Kirkus Reviews Issue: May 1, 2020

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A lovely, sometimes challenging testament to the universality of human nature.

HUMANS

The creator of the hit internet series Humans of New York takes it global, chasing down a panoply of interesting stories.

In 1955, Edward Steichen staged a show called “The Family of Man,” a gathering of photographs that emphasized the commonality of humankind. Stanton’s project seemingly has much the same ambition. “You’ve created this magic little corner of the Web where people feel safe sharing their stories—without being ridiculed, or bullied, or judged,” he writes. “These stories are only honestly shared because they have a long history of being warmly received.” The ask is the hard part: approaching a total stranger and asking him or her to tell their stories. And what stories they are. A young Frenchwoman, tearful, recounts being able to see things from the spirit world that no one else can see. “And it’s been a very lonely existence since then,” she says. A sensible teenager in St. Petersburg, Russia, relates that her friends are trying to be grown-up, smoking cigarettes and drinking alcohol, whereas she wants to remain a child close to her parents: “I’d like these times to last as long as possible.” A few stories are obnoxious, as with a Dutch incel who has converted himself into a pickup artist and outright cad: “Of course it’s manipulation, but why should I care? I’ve been manipulated so many times in my life.” A great many stories, some going for several pages but most taking up just a paragraph or two, are regretful, speaking to dashed dreams and roads not taken. A surprising number recount mental illness, depression, and addiction; “I’d give anything to have a tribe,” says a beleaguered mother in Barcelona. Some are hopeful, though, such as that of an Iranian woman: “I’ve fallen in love with literature. I try to read for one or two hours every day. I only have one life to live. But in books I can live one thousand lives.”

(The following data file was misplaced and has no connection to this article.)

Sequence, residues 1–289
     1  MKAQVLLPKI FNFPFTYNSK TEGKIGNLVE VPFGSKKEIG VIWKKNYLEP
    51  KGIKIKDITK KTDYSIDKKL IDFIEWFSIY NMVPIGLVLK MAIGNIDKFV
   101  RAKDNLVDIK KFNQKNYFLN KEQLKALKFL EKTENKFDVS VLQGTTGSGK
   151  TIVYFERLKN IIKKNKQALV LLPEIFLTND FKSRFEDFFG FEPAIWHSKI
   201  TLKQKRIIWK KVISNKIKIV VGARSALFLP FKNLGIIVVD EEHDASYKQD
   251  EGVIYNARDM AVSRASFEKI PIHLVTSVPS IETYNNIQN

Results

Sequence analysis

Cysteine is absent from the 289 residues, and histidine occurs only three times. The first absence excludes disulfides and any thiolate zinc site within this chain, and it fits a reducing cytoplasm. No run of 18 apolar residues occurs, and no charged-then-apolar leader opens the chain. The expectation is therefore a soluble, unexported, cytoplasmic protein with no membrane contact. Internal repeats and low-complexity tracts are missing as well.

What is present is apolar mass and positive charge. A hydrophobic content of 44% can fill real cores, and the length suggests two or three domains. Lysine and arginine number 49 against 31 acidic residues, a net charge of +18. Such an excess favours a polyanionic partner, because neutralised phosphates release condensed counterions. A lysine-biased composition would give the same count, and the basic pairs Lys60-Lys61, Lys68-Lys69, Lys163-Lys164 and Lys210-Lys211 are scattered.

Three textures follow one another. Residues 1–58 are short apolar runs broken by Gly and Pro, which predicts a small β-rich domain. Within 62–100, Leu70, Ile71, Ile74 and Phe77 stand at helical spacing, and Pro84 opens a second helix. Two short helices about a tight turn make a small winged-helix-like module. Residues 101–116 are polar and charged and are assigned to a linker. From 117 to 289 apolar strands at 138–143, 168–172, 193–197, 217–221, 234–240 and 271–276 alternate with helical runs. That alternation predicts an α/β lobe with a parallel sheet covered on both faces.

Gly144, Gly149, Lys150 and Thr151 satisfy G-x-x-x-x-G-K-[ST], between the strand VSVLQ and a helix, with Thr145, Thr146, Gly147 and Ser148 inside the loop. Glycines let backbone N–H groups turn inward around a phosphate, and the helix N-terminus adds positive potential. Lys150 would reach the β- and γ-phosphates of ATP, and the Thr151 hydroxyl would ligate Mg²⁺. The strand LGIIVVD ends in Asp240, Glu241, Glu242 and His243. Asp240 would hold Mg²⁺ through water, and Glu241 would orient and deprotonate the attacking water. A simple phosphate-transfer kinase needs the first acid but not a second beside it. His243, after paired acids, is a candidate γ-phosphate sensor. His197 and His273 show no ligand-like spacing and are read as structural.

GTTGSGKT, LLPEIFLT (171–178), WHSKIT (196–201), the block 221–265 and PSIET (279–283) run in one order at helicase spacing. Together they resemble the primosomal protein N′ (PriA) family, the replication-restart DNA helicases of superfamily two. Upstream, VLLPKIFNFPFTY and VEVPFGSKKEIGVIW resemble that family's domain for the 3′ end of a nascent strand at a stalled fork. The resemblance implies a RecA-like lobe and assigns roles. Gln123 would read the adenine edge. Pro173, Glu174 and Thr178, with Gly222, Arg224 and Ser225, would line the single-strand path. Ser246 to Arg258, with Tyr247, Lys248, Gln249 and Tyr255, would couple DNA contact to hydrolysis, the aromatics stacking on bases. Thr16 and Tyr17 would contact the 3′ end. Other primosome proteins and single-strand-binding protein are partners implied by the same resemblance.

A lovely, sometimes challenging testament to the universality of human nature.

Pub Date: Oct. 6, 2020

ISBN: 978-1-250-11429-7

Page Count: 448

Publisher: St. Martin's

Review Posted Online: Aug. 18, 2020

Kirkus Reviews Issue: Sept. 1, 2020